Q: I can’t get a refund from Amtrak for its totally inappropriate “handicapped” room on the Empire Builder from Chicago to Glacier National Park.
The room was not safe; there was no room for a wheelchair, no grab bars, and there were no safety bars on the toilet. There was no room for two people to sit and eat at the same time, and since my husband and I were downstairs and far from the dining car, this is where we had to have all meals.
Also, there were sharp metal protrusions that injured both my husband and me.
Never miss a local story.
After almost three months, the only offer I got was a voucher on a future trip. This was after emails to the CEO, chief operating officer and my travel agent.
I would like at least a 50 percent refund. I can’t travel on Amtrak again because the room was not safe or comfortable for my disabled husband. I would even accept a $500 check, but not a voucher for travel that I can’t use.
Anne Evans, Chicago
A: I’m sorry about your unhappy experience on Amtrak. The Empire Builder is a 46-hour train ride through some of the most beautiful parts of the American West. In Amtrak’s promotional material, it invites you to “experience the rugged splendor of the American West” by traveling along major portions of the Lewis and Clark trail and following the footsteps of early pioneers.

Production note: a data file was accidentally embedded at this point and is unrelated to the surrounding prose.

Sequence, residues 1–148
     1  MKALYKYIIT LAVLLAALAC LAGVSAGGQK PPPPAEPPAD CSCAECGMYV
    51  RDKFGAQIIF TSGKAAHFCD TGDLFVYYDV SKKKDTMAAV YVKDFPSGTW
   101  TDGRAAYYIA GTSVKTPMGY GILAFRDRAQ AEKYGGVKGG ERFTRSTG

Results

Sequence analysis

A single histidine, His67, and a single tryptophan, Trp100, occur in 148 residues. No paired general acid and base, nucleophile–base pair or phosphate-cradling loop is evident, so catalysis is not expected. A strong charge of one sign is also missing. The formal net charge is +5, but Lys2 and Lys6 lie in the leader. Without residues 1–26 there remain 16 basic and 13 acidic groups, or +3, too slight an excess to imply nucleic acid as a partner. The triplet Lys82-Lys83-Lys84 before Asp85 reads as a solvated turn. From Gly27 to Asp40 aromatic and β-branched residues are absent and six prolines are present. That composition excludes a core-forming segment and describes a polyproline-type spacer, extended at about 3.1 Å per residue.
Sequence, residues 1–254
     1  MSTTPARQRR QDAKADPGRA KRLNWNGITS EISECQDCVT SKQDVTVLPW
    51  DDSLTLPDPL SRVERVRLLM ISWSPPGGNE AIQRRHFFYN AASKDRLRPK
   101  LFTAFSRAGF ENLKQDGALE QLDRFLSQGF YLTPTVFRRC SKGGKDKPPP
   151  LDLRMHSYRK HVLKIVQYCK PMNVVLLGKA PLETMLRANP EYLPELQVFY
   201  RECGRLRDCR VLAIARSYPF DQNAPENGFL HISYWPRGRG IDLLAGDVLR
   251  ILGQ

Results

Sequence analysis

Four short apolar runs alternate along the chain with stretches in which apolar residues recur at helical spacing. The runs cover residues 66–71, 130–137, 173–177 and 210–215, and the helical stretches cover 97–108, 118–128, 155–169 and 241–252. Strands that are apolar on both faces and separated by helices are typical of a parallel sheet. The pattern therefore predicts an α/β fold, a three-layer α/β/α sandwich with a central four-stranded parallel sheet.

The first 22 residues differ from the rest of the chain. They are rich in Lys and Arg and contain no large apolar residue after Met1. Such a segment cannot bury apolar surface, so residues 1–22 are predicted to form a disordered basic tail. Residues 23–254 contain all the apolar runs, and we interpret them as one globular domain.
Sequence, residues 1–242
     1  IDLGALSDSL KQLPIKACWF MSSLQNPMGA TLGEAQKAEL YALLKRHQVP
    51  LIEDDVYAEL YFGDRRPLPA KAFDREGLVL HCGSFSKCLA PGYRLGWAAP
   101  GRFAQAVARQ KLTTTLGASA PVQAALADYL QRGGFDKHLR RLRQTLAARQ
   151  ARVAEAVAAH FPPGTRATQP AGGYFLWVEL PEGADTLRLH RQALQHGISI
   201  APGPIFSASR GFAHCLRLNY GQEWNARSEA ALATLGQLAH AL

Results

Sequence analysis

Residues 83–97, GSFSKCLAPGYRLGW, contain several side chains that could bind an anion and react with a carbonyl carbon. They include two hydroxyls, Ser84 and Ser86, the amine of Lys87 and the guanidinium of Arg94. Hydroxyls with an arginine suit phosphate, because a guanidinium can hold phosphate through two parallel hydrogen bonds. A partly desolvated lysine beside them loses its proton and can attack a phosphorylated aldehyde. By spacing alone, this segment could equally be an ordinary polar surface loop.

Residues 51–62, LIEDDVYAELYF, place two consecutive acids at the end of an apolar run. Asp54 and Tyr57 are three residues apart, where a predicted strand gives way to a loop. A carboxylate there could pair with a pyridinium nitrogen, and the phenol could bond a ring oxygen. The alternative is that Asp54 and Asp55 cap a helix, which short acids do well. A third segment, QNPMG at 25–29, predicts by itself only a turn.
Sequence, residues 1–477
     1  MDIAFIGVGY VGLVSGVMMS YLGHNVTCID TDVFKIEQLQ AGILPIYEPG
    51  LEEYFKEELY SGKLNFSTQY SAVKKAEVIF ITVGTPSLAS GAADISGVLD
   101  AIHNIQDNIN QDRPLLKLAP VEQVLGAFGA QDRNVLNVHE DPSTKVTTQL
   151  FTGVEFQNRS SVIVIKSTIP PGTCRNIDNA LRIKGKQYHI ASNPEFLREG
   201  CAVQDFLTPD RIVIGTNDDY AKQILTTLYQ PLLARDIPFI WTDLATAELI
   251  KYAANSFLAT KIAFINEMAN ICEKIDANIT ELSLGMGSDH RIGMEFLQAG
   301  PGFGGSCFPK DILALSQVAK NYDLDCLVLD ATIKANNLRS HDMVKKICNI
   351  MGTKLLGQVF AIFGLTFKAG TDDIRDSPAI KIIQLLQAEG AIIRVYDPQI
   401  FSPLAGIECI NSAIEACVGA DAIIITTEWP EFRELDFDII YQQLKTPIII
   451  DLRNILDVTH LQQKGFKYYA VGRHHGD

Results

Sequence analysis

OK, I have to admit, this one’s on my bucket list.
Alas, there’s no mention of handicapped facilities (or lack thereof) on Amtrak’s site. A little research will reveal that Amtrak offers something called a Superliner Accessible Bedroom, a lower-level room that offers enough space for a wheelchair. The room spans the entire width of the train and is designed for use by two adults: a passenger with a mobility impairment and a companion.
You should have reasonably expected the facilities associated with a handicapped-accessible room, including the grab bars and no sharp, protruding objects. Amtrak should be grateful that you pointed out these dangers and ought to fix them after your report. But I’m not sure if anything can be done about the distance from the dining car. Since the Amtrak’s accessible bedrooms extend the entire width of the train on the lower level, that may be a design limitation.
By the way, if you’re thinking of taking a lengthy train trip in the United States, you may want to check Amtrak’s 3-D tour feature on its website. You’ll get a pretty good idea of what to expect.
When your trip didn’t go as expected, a brief email or letter to Amtrak should have quickly addressed your problems. After your travel agent got involved, the company offered a $500 credit toward a future Amtrak trip, which was unacceptable. After your misadventures on the Empire Builder, why would you and your husband try Amtrak again? I would recommend driving in your own car next time. You don’t want to rush a trip through the American West. Bring your own car or van to ensure that you have all the amenities you need.
You appealed your decision to several Amtrak executives, which was a great idea. I list the names, numbers and email addresses on my consumer-advocacy site: http://elliott.org/company-contacts/amtrak/.
I contacted Amtrak on your behalf, and your travel agent also worked hard for a resolution. After some negotiations, the carrier agreed to refund $500.
Christopher Elliott is the ombudsman for National Geographic Traveler magazine and the author of “How to Be the World’s Smartest Traveler.” You can read more travel tips on his blog, elliott.org, or email him at firstname.lastname@example.org.